Well Matthew McIntosh (Grove Press)

Matthew McIntosh

(Grove Press)

Have you ever wondered what really keeps people afloat? Or perhaps you've been compelled to study the tortured urine-cloud tornado-man on the bus. Maybe you just let someone complete an entire pitch to get you to join Amway.

If you have ventured into "street" anthropology, you and Well author Matthew McIntosh may share an interest. At twenty-six, McIntosh's pen does not betray any of the obvious literary follies of youth; his stories reek of actual experience. Well's characters feel real, and could not be detected as fictitious by myself. And I come from scarily similar socio-economic and geographic environs.

Well's setting is Federal Way, an armpit along Highway 99, just south of Seattle (think Troutdale). Federal Way, however, is just the pot the soup is cooked in. Well's cast are like familiar thrift store Polaroids; too hideous to reckon, or too normal. They are kept alive by a thread, possibly Federal Way, but more likely, the almost-there '97 Seattle SuperSonics, or drugs, or the local watering hole, or even one another. The point is, something binds them together. This same intangible also holds them in place, forever leaving some of them empty while the others are left to run-off down a dead end street, or worse. Some never intersect the lives of the other characters at all. For readers who require a cohesive plot or meaningful dialogue, this can be maddening. For those who do not, it's pure gold: a kind of written impressionism. McIntosh's construct of one-sided conversations is masterful, often handling the subtleties through behavioral descriptions rather than dialogue. He has pegged the phenomenon that allows individuals to talk themselves into or out of situations. This includes self-satiation and settling for less.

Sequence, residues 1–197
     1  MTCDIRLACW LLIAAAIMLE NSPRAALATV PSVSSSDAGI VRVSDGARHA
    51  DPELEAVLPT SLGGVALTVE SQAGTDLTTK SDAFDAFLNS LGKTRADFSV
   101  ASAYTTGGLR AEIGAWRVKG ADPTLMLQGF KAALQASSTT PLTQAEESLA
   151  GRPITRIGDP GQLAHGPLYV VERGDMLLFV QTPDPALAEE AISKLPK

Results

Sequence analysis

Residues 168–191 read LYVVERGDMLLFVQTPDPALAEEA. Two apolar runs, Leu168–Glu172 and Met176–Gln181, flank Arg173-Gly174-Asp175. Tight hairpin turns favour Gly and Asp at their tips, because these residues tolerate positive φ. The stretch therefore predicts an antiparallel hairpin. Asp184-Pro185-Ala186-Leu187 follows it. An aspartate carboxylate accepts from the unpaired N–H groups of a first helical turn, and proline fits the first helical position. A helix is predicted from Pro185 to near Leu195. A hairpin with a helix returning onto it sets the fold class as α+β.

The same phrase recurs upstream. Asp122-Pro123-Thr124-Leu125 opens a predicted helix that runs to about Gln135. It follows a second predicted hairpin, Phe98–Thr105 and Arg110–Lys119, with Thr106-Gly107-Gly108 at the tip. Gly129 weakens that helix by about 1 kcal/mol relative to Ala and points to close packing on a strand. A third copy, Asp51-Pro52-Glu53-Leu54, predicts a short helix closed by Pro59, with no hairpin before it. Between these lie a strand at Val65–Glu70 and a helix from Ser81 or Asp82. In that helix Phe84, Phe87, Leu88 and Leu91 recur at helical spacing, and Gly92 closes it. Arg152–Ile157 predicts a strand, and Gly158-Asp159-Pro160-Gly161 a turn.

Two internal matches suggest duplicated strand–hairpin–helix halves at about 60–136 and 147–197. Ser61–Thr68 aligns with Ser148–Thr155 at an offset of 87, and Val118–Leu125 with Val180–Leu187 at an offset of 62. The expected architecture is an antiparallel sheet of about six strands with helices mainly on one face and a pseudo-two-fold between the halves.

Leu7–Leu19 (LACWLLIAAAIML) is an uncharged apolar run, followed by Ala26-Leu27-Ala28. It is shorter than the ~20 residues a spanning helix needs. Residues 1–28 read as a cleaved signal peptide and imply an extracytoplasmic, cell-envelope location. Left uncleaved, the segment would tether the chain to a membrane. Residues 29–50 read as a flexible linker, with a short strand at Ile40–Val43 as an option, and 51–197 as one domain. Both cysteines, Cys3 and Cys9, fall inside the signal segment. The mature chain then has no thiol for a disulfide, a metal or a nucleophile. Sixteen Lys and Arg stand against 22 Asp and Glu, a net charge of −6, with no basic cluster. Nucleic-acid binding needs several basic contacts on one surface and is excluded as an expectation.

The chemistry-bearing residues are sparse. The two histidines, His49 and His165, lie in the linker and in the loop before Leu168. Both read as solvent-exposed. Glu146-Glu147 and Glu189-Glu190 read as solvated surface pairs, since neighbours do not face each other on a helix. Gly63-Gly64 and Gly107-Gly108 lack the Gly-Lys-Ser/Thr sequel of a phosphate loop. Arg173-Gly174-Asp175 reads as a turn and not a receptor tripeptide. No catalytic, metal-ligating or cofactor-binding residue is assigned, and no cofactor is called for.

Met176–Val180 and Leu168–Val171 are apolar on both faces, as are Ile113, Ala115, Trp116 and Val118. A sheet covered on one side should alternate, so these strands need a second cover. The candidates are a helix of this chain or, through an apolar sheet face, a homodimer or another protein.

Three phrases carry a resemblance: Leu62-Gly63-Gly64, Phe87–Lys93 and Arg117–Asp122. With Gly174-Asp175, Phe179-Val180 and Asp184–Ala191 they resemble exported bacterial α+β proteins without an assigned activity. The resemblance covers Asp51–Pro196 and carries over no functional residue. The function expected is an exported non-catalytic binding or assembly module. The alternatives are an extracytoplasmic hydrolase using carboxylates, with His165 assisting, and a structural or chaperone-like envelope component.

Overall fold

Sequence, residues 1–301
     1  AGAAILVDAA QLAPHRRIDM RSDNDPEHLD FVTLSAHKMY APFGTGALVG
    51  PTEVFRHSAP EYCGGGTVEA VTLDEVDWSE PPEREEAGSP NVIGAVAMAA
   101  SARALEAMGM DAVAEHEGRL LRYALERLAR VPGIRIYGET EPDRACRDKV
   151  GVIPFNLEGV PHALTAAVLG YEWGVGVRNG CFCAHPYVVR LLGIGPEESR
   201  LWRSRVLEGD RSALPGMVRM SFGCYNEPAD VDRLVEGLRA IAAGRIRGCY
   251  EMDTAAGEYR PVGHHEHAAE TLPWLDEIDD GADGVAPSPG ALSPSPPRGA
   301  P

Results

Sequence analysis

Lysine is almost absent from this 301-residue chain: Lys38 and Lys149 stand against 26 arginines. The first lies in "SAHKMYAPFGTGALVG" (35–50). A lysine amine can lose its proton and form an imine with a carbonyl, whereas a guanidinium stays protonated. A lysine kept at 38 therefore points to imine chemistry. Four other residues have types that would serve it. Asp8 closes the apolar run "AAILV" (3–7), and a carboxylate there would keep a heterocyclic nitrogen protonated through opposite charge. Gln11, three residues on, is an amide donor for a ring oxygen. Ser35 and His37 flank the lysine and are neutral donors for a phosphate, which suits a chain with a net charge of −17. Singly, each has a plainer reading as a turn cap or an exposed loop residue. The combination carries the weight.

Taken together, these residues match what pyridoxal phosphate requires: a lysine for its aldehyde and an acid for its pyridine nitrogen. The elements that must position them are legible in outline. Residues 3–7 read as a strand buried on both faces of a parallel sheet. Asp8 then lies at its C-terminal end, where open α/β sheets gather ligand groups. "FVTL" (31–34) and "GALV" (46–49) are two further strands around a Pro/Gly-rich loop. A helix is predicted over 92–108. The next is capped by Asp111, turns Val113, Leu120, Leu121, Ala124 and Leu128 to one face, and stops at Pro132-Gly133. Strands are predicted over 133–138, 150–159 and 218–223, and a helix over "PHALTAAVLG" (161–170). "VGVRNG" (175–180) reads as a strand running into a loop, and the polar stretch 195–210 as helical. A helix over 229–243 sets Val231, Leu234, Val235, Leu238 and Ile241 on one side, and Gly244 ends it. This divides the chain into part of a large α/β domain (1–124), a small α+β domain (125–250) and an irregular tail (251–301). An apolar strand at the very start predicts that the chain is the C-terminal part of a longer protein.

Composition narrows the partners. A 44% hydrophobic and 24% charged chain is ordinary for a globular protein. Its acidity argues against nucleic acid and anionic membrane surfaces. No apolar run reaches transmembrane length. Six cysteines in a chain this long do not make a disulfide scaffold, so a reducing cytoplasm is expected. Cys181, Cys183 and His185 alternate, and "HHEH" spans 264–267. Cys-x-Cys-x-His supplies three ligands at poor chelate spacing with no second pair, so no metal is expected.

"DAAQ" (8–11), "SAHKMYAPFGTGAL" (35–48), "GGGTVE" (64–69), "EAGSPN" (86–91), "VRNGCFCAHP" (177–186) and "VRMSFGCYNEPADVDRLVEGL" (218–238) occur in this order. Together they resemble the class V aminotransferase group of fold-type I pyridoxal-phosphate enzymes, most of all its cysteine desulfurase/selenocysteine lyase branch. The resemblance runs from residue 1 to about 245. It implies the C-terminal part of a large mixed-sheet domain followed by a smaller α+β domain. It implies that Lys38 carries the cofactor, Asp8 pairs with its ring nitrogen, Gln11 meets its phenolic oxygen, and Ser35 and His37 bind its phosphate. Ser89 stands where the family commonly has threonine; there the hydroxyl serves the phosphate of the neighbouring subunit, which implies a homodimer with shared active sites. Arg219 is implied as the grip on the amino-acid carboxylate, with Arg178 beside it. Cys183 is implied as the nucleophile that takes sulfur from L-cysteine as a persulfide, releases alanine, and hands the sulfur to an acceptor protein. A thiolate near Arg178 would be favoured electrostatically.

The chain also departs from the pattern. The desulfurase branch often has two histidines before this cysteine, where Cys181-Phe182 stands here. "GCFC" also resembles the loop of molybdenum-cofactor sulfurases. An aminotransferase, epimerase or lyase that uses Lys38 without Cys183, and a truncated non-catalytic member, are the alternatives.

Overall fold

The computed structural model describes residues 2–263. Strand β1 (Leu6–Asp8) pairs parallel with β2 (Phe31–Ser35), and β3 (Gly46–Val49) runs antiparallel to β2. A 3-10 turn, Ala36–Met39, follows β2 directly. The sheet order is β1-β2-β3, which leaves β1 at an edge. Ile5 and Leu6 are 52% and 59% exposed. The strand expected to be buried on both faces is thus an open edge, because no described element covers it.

An obvious comparison to Matthew McIntosh's debut effort is Raymond Carver's Short Cuts. Both have their finger on the pulse of Americana. Well, however, has as much in common with the work of graphic novelist Daniel Clowes or director Todd Solondz's film, Happiness. They are all akin to this intangible common thread, the uber-reality that enthralls those fascinated with chronicling the misadventures of America's "Budweiser and Huggies" junior varsity. LANCE CHESS